Time was when there were something like 10 pupil-free days to give the teachers a chance to focus on curriculum and professional development. If nothing else it was a welcome opportunity to remind yourself that there is life beyond school.

No doubt our charges anticipated these days with as keen an enthusiasm as we did. Sadly, curriculum days have been reduced to a paltry three. It means that the Monday before Melbourne Cup Day is now a normal day. Try telling the kids that.

The train station that morning resembled an out-take from On The Beach. The train itself, normally groaning under the avoirdupois of too many sweating, swearing commuters, rattled like a bone cart. The idea of taking one of the many seats available was almost wicked in its novelty. The train literally flew to Lowbottom Station, which was similarly deserted.

You expected tumbleweeds to roll across the foreground of the long shot while Hugo Montenegro and his men provided the soundtrack.

Would classes be cancelled due to complete lack of interest? No, as it turned out. The borderline Asperger kids were all there, naturally. Well, they adore routine. So too the Asian students who have harridan mothers who whip them towards that medical degree from pre-school. There were other odd bods as well. But despite their attendance, the understanding was that this was a “bludge” day.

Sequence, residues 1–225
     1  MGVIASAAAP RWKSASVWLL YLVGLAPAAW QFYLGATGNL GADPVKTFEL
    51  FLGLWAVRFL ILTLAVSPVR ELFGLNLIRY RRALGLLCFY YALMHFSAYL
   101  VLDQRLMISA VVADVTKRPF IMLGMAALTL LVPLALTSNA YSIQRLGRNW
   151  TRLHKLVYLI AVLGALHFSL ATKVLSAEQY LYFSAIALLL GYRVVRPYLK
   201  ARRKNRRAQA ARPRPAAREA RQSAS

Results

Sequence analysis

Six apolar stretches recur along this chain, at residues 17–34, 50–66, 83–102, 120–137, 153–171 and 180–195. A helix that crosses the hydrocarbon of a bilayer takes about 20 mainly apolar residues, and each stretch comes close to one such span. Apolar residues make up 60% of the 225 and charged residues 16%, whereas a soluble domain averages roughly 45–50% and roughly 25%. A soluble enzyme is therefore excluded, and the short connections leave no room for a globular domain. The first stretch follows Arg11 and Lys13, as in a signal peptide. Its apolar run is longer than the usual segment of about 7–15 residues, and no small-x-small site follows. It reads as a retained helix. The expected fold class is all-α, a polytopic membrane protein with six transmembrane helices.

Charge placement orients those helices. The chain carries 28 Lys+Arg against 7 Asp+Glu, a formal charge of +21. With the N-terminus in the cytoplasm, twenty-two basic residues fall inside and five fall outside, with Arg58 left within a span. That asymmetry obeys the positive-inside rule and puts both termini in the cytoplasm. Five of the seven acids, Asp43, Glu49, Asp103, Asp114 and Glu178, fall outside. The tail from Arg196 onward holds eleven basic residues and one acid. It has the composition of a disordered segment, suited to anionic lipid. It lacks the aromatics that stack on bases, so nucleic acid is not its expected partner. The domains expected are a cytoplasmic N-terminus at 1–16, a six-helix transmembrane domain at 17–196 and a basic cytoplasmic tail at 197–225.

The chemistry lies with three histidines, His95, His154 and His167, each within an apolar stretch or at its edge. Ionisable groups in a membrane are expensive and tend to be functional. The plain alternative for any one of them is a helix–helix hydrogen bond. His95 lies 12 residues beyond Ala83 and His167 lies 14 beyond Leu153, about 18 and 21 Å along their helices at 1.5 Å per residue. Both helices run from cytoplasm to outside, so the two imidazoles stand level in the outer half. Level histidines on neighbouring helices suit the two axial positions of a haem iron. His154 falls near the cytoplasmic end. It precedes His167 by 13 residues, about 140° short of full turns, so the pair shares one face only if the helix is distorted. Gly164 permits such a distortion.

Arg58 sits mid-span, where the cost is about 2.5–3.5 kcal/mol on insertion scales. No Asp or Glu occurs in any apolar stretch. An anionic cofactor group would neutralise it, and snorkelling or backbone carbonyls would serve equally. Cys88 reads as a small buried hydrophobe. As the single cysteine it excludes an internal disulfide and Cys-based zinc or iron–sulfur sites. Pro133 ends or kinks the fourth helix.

They were cruelly mistaken as teachers took out their resentment on the attendees with challenging worksheets and complex problems. In fact, it is their parents who are the real persons of colour in the woodpile.

For it is they who have lobbied the department about the inconvenience of having to care for their brood on pupil-free days.

Parenting, apparently, gets in the way of their busy lives. With luck the kids would have returned home haggard and ragged and bent on taking out their frustrations on mum and dad. What comes around, goes around.


Read the full Lowbottom High diaries here.

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Peter Fray
Peter Fray
Editor-in-chief of Crikey
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